Should Carry a Health Warning

Posted on by David Gelber

Is the world too weary for another biography of Noel Coward? There was Sheridan Morley’s official tome during the old boy’s lifetime. And I seem to remember Morley titillating it up a bit after his death; but I could be wrong. Then there was Cole Lesley aka Leslie Cole’s pleasant, insider’s Life, an illustrated book […]

He Smoked Incessantly

Posted on by David Gelber

It used to be said that ‘the life and works of André Malraux suggest a man restricted to the heights of experience.’ It was also said, before the formulation became a cliché applied to pop stars, that ‘his life, not his writings, is his chef d’oeuvre’. Although Curtis Cate quotes neither of these opinions, he […]

Year of the Woman

Posted on by David Gelber

David Mamet’s description of Hollywood as a sinkhole of depraved veniality remains at odds with our hopeless hope that it can become ‘a protective monastery of aesthetic Truth’. Annually, droves of writers, actors, directors and producers go there to create, and if the place is decadent, it is because they are forbidden to do so […]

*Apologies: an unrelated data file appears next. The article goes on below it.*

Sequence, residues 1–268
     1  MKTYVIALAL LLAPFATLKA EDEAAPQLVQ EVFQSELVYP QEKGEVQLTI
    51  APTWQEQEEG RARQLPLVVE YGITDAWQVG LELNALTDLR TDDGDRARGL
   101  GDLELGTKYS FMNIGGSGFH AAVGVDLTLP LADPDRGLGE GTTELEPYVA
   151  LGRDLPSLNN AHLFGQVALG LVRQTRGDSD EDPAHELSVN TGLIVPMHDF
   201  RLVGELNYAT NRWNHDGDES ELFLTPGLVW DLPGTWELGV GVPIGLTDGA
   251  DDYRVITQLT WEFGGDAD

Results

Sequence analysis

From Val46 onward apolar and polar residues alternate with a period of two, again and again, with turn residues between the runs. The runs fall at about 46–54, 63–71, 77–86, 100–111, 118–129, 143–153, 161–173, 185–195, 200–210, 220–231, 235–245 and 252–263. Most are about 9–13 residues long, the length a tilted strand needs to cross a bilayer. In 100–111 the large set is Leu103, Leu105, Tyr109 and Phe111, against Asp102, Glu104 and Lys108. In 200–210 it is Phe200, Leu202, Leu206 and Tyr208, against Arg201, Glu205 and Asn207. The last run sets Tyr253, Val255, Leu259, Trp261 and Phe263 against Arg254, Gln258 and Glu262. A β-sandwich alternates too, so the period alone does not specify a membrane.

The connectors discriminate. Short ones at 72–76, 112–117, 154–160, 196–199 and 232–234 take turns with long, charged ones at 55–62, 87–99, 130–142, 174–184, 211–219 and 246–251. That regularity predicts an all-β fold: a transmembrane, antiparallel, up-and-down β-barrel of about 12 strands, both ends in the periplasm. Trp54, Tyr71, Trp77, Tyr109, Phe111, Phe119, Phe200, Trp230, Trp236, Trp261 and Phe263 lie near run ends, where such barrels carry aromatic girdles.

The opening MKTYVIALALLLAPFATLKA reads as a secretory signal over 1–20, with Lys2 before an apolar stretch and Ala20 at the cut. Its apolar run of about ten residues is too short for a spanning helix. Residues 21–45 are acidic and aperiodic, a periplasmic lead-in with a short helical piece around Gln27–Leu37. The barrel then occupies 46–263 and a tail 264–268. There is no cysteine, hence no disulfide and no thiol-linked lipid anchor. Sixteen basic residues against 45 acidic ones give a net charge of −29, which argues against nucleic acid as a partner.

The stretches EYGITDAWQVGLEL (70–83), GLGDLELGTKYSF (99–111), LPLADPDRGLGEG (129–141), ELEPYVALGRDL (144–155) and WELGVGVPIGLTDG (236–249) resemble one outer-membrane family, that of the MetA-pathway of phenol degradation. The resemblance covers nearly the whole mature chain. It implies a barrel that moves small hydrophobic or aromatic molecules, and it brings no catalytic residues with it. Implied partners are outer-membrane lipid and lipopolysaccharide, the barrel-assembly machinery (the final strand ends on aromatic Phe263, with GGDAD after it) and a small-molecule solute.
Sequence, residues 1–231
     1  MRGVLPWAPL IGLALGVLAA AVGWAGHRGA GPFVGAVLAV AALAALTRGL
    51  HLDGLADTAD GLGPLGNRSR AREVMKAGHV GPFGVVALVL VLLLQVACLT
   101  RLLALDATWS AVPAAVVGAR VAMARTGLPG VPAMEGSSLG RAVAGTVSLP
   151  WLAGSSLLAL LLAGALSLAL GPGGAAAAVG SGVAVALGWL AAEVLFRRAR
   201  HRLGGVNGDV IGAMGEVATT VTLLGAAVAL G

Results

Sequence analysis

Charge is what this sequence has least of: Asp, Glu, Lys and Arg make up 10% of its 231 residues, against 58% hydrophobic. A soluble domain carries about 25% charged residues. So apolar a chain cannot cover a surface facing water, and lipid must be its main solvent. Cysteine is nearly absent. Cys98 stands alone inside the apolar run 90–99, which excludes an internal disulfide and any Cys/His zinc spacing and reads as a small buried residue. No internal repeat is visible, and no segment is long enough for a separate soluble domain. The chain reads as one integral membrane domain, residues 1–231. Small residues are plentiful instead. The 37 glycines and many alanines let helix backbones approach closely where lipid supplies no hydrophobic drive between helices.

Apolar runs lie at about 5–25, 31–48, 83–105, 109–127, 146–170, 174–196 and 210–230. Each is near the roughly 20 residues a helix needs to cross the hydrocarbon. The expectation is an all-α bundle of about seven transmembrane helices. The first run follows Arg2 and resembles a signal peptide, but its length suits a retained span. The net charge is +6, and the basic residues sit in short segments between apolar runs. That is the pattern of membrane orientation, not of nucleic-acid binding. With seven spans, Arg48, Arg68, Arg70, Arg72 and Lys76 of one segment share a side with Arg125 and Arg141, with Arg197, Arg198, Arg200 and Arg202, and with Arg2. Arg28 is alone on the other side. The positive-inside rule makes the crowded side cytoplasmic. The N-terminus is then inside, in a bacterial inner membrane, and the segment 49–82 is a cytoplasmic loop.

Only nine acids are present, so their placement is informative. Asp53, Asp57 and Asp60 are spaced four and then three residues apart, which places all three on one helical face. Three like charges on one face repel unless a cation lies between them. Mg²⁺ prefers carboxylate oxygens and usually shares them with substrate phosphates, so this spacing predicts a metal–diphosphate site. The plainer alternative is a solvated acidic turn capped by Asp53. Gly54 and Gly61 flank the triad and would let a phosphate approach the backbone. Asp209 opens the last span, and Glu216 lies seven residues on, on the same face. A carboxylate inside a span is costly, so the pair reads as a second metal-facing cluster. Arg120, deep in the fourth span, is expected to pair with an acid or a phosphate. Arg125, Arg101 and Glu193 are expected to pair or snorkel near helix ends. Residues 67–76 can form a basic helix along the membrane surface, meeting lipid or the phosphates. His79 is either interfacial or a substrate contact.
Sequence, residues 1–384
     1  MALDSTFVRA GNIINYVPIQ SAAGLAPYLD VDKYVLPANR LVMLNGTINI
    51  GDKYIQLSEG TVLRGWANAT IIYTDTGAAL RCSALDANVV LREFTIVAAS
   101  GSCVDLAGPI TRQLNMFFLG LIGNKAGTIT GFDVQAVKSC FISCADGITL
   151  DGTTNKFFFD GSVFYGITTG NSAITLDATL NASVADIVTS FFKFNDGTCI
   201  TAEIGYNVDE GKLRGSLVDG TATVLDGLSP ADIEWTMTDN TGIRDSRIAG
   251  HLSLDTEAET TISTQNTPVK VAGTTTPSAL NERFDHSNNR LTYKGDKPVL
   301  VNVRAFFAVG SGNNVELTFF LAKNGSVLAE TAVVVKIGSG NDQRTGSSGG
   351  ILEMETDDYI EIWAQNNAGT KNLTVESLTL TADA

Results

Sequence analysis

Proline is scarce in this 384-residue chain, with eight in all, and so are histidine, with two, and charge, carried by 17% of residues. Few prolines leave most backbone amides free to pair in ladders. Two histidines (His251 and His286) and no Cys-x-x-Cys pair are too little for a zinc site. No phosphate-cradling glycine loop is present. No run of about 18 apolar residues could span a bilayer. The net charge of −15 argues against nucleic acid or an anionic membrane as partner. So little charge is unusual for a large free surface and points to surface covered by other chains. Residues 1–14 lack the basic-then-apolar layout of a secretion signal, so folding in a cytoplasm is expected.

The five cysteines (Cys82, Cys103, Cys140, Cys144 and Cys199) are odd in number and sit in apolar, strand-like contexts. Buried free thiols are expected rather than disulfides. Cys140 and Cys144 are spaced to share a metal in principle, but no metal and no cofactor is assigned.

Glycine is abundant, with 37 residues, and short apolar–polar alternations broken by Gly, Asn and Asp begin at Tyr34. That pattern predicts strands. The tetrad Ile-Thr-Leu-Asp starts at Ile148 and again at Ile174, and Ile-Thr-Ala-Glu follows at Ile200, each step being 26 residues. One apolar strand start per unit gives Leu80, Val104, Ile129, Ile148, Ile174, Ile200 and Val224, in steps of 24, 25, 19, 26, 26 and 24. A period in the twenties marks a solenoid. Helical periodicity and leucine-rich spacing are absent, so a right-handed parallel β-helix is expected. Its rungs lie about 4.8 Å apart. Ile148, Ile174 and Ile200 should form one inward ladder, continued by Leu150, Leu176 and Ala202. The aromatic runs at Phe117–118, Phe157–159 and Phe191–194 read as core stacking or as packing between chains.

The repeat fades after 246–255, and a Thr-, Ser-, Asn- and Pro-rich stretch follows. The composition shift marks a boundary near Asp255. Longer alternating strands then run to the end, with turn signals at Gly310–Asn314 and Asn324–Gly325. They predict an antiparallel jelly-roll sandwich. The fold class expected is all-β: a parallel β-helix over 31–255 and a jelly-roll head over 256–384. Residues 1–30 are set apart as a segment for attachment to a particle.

Clever People Smoke

Posted on by David Gelber

For all the familiar family reasons, I smoke outside, in the back garden; there is nothing much to see out there, particularly at night, so I frequently find myself staring up at the stars. These are some of the questions I ask myself during my smoking excursions: Why are we here? Is there really someone […]

He Could Make Love to his Wife Only in the Dark

Posted on by David Gelber

It always come as a surprise to recall that Luis Buñuel’s deserved fame as one of the great film-makers rests almost entirely on a handful of films he made in his sixties and seventies. Surely, by this time in an artist’s life, a body of work has been built up through which the eager young […]

Pressing Flesh

Posted on by David Gelber

‘Hospitality is a wonderful thing. If people really want you, they’ll have you, even if the cook has just died in the house of smallpox.’ Those words come from the Notebooks of F Scott Fitzgerald, creator of Jay Gatsby, just one of the hundreds of characters, real and imaginary, who appear in this anthology. In […]

Tales of Perjury

Posted on by David Gelber